Quality tenants are extremely valuable in today's economy. Critical to their retention is the level of service and responsiveness provided by the property manager. Indoor environmental and air quality (IEAQ) issues can test the relationships among building owners, management, staff, and occupants. The objectives of each of these stakeholders may be very different. BHS responded on behalf of the building manager to a tenant request for an IEAQ investigation related to identification of any potential, building-related source of health complaints.
The building was conditioned by chilled water supplying VAV boxes and hot water perimeter radiant heat. The VAV boxes had the capability to re-circulate air from the ceiling space which is utilized as a return air plenum. In the ceiling plenum of this top floor space, there were numerous water-source unit heaters each with individual thermostats for temperature control. Design intent, apparently, was to condition the plenum to offset the impact of the flat roof directly above on air temperature in the ceiling plenum.
The office space had been completely refurbished by the tenant two years prior to the inspection. During that effort, demolition of existing walls and layout configurations occurred prior to build back in the renovated configuration. The tenant had occupied its offices throughout the construction process.
BHS performed a visual inspection of the tenant space and associated mechanical equipment room for the air handling unit. The offices presented as “like new”and in pristine condition. Ceiling tiles were lifted in different locations to inspect the condition of the ceiling plenum. The ceiling plenum had a moderate to high film of dust on all horizontal surfaces, along with demolished construction debris and used pieces of ceiling tile. There was a light film of white dust throughout the occupied perimeter office space. Dust was light but apparent on top of cubicle dividers. Dust was very heavy on high surfaces in offices and on door frames in some locations. Dust accumulation on door frame headers, which appeared to be construction dust, had not been cleaned since the tenant's reconstruction activities.
BHS' physician privately interviewed a number of employees who had reported health effects they attributed to the indoor environment. Each had completed our “Occupant Diary” form, chronicling the complaint, the location and its severity, with additional observations. These were reviewed. All concurred that symptoms did not occur in the reception area or the adjacent small conference room, although they did so throughout the rest of the space. The reported symptoms (primarily sneezing, but also coughing, red, irritated eyes, upper airway congestion) were all consistent with airborne dust. Particle counts were elevated.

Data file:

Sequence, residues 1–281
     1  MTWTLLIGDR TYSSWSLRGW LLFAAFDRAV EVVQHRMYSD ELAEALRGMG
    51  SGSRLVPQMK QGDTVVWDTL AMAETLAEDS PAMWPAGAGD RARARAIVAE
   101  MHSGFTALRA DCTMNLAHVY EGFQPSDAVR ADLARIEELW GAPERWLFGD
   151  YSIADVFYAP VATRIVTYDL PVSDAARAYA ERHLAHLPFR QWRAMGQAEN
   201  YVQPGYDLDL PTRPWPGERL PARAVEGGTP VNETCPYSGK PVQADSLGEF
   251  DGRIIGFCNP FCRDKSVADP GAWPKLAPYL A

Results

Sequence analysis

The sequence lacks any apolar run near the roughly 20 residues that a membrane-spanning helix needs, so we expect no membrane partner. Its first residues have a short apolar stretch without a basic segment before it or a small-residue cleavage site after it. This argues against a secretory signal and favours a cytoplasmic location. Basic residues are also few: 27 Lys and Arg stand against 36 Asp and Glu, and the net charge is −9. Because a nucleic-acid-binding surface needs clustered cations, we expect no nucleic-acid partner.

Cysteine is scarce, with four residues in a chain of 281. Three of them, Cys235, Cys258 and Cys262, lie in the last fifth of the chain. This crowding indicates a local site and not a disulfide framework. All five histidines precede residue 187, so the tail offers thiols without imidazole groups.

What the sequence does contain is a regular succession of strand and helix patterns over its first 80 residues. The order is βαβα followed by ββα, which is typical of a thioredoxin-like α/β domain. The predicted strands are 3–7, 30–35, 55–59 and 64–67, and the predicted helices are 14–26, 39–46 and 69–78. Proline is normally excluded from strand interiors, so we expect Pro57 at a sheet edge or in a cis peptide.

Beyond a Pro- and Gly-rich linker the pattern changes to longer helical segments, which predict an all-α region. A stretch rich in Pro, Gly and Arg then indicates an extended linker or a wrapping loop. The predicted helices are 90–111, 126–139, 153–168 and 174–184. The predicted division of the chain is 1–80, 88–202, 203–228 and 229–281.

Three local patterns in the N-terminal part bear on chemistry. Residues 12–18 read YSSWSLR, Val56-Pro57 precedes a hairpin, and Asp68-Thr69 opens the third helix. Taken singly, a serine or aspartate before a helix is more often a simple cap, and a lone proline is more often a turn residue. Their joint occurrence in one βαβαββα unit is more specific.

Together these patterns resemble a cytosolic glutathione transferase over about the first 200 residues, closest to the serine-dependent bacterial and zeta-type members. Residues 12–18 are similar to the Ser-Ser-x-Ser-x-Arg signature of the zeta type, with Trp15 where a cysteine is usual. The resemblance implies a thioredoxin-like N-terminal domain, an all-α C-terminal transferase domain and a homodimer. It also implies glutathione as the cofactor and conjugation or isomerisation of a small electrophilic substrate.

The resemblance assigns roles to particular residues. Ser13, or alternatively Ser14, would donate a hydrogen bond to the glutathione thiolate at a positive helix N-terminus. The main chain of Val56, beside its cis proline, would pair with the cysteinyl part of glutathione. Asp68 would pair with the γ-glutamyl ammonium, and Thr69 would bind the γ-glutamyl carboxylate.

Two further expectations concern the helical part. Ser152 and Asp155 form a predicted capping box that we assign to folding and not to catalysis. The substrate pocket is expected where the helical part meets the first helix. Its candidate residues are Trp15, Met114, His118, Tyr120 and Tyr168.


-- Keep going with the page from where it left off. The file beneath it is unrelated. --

BHS determined that dust in the ceiling plenum was regularly disturbed through the intermittent operation of the fan-powered unit heaters. This, in conjunction with recirculation of return air in the ceiling plenum by VAV box operation into occupied space, distributed airborne dust particles in the occupied space, evidenced by deposits on horizontal furniture surfaces. This airborne dust, specifically mapped to the areas of deposit and air handling unit coverage, was the cause of the reported irritant symptoms, including sneezing, coughing and mucous membrane irritation.
The four elements involved in any IEAQ situation, Source, HVAC System, Pathway and Occupants, are demonstrated by this incident. Through our parallel investigation of both the occupants' health-related complaints and the building conditions, we determined that the absence of symptoms in the reception area and small conference room combined with no evidence of dust (1 – SOURCE) above these areas, which were served by a separate air handling unit (2 - HVAC SYSTEM), confirmed the source of discomfort was residual construction dust moved through the ceiling plenum (3 – PATHWAY). The disappearance of symptoms when tenants walked from one air handling unit's coverage area to another served as confirmation. Additionally, no work had been performed in the lobby area and there was no dust deposited in the ceiling plenum. The remainder of the tenant space, the tenant complaint area (4 – OCCUPANTS), was served by a single air handling system described previously, which had been in operation during the renovation.
In order to avoid IEAQ problems, any one of these four elements must be removed or interrupted. Failure to consider preventive measures prior to the initiation of interior renovations created the pollutant source. Steps taken to prevent IEAQ problems include:
- Ensuring that the IEAQ Manager reviews the design, sequencing and planned construction activities for all proposed remodeling or renovation activities, prior to their initiation;
- Scheduling work during periods of low occupancy;
- Isolating work areas by blocking return vents in the work area and/or installing temporary, containment-like, barriers;
- Pressurizing spaces that adjoin the work space, in order to prevent transportation of pollutants;
- Using specialized high cleaning procedures (e.g., HEPA vacuums);
- Protecting the air conveyance system throughout the life of the project;
- Changing filters more frequently, especially after work is completed;
- Minimizing emissions from materials processes (e.g., wet sanding dry wall), and
- Buying and utilizing green products to the maximum extent possible.
Unless remodeling and renovation are planned with IEAQ's shared responsibility in mind, these activities can create problems by emitting dust, odors, microorganisms and their spores, endotoxins and VOCs. Building occupants, staff, and management must share the goal of providing a healthy indoor environment by planning ahead and considering the consequences of their most well-intentioned actions.